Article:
they retained the privilege of arranging an amicable settlement. The outcome was not a financial but a social gain, which gave the plaintiff a distinct

advantage in subsequent interactions.8 When the antagonists returned to their communities, the offender was at the mercy of the plaintiff. One abusive word would cost him dearly. Such decisions reveal the jurors’ attempt to ensure that insults would not be repeated. Slander was not merely a crime, but a crime of considerable gravity, as shown by four types of evidence. First, the penalties incurred were enormous. Of the 51 fines recorded, 37 were for forty pounds (roughly the equivalent of $10,000 in modern American currency) or more.? The jail sentences, ranging generally from forty days to one year, were serious, and the public penances were commensurate with penalties for fraud, theft, perjury, and prostitution. And in none of the cases was it necessary to establish damage to the offended party for the penalty to be inflicted on the offender. The pervasiveness of slander jurisdiction provides a second measure.

Apparently, there was no place sufficiently secret, no audience sufficiently small, to allow one citizen to slander another with impunity. Five of the cases punished offenses that occurred in private homes. Multiplicity of jurisdiction further confirms the power of insult. Successful

slander actions in one court were sometimes considered slanderous activities by another. In 1382, an unnamed offender was

The Social Base of Angry Speech in Chaucer’s London 77 committed to prison because . . . he obtained in the Court Christian a mandate of excommunication against the good men of the said ward on the pretext that they had maliciously defamed him... . 1°

Here, a citizen’s attempt to clear his name in church court was interpreted as slander by the civil court. In another case with similar overtones, a cleric entered a civil court “and declared that the whole court was excommuni-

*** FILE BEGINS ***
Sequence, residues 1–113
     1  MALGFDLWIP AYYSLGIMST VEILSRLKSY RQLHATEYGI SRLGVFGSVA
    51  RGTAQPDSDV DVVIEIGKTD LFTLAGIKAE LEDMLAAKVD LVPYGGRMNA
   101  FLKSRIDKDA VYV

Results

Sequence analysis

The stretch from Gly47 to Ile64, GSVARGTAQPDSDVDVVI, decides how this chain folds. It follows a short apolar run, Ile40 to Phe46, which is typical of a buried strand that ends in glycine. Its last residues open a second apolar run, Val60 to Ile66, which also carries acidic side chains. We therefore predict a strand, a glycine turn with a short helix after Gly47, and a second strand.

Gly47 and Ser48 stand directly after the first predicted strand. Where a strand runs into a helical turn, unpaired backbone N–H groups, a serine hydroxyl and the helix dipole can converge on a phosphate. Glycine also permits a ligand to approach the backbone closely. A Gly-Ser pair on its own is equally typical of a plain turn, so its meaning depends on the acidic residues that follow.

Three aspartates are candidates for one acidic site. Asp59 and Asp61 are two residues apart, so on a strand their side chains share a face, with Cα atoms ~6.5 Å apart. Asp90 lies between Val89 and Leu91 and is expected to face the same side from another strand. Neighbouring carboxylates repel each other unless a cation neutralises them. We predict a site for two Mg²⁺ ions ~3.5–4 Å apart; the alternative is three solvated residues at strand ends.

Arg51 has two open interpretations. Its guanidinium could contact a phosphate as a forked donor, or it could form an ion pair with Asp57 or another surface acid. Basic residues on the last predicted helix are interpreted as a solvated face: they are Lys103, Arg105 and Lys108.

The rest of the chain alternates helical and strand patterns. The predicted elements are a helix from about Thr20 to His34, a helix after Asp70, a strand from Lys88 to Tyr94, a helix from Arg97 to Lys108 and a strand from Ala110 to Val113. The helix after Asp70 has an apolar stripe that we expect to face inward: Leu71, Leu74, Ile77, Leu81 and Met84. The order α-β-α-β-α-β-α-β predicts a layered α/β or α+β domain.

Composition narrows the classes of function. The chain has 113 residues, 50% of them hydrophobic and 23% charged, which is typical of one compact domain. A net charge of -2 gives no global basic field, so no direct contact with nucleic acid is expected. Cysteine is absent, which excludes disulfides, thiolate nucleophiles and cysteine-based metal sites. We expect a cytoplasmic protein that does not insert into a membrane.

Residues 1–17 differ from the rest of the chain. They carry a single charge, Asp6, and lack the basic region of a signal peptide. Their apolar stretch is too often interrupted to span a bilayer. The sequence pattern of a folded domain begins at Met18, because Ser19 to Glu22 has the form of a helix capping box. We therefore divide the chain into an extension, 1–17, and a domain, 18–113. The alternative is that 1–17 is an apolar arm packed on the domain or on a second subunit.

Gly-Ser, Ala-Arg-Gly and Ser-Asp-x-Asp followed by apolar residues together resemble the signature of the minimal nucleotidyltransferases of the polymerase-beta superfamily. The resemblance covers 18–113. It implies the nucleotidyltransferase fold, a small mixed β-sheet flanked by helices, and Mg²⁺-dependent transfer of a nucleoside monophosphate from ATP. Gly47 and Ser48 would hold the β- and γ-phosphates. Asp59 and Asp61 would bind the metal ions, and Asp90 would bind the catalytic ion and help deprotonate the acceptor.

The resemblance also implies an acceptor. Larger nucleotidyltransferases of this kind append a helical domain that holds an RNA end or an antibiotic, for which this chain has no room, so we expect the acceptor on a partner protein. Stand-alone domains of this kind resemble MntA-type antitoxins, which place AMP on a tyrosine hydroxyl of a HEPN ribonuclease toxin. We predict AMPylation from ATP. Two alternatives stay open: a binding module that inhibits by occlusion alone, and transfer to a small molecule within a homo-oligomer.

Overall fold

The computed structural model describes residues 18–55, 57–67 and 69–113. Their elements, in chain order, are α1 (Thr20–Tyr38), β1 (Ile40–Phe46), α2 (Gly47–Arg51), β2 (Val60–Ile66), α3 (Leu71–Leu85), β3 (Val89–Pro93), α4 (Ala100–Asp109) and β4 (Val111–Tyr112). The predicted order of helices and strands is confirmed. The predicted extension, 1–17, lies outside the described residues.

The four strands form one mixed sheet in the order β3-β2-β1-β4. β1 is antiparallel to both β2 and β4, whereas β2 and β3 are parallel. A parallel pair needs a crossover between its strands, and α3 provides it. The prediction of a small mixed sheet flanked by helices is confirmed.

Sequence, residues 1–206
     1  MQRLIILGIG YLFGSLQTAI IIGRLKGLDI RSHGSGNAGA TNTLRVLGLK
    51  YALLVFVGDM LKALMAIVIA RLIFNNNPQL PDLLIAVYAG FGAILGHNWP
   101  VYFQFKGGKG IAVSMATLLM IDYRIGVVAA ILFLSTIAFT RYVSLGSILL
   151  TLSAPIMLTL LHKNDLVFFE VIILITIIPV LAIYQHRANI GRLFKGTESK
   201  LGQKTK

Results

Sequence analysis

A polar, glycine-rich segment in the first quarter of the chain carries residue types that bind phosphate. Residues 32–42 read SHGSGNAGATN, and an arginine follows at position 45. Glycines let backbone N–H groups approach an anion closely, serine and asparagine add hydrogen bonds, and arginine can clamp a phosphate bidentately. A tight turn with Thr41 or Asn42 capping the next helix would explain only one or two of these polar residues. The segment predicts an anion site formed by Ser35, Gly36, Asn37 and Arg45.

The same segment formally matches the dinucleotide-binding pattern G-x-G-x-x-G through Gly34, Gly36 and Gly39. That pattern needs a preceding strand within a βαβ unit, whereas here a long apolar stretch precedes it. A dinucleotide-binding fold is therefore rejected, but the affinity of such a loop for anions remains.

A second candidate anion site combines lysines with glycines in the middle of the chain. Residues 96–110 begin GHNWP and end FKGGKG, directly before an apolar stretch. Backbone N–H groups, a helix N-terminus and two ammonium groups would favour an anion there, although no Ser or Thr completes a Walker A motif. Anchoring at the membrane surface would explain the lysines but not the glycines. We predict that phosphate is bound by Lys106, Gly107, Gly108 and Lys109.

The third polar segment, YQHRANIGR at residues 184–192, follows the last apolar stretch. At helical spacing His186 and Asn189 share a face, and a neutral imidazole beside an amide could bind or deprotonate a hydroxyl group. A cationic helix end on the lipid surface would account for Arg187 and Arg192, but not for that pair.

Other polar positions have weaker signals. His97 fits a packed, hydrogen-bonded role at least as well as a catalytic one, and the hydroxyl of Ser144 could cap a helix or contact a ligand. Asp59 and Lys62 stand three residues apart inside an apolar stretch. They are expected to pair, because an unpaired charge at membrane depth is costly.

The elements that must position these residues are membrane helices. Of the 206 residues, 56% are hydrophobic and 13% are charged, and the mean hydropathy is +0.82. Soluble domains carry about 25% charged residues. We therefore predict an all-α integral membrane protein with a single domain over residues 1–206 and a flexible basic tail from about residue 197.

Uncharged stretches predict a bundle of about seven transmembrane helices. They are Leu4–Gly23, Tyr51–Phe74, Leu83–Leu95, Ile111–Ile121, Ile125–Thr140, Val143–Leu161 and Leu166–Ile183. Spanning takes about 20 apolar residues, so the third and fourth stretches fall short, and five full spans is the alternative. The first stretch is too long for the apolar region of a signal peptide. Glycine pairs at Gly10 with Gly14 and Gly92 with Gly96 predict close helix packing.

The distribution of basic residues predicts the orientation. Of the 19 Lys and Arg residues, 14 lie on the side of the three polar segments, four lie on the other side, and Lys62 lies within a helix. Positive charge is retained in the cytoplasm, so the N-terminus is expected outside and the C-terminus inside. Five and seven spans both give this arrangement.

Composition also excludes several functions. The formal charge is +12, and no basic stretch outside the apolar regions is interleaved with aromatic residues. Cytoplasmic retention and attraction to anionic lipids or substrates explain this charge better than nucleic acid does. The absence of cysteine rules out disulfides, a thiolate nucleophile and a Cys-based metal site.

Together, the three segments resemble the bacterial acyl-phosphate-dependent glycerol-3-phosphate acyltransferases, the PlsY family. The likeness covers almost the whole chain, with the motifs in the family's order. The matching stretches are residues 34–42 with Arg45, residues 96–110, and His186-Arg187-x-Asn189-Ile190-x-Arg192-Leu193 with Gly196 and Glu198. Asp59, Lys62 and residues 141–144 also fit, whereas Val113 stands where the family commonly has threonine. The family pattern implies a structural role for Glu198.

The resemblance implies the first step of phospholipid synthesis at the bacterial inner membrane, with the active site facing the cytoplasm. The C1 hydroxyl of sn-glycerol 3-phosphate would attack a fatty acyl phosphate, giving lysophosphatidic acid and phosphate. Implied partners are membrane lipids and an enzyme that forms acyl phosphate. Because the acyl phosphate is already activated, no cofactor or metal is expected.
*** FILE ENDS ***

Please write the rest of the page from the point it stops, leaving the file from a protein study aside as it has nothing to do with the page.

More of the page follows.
cate.”!! He was committed to prison. Overlapping legal interests made Slander a problem for both church and state, a problem the average Londoner found difficult to avoid. Finally, the magnitude of slander can be gauged by the fact that medieval Londoners, for all intents and purposes, considered words and deeds to be of equal significance. ‘The records characterize and penalize words in exactly the same

manner as they do the corresponding actions. This decision of 1299 is representative: “if [the offenders] be convicted of having committed trespass, either by deed or word, against Sir Henry le Galeys, while Mayor of

London ... they shall be bound to pay the Commonalty of London 100 pounds.”!? A statement of intent was equivalent to a criminal act: “Thomas Goudsyre, brewer, was committed to prison for saying that he would not sell the gallon of ale at the price laid down by the proclamation.”!5 In extreme cases, a simple expression of opinion was considered punishable: . ..no man, great or small, of whatsoever estate or condition he be, shall speak

from henceforth, or agitate upon any of the opinions, as to either [Nicolas Brembre or John Northampton, rival former mayors of London, the former of whom had been dead for three years when this proclamation was issued], or Shall by sign, or in any other manner, shew that such person is of one opinion or the other. !#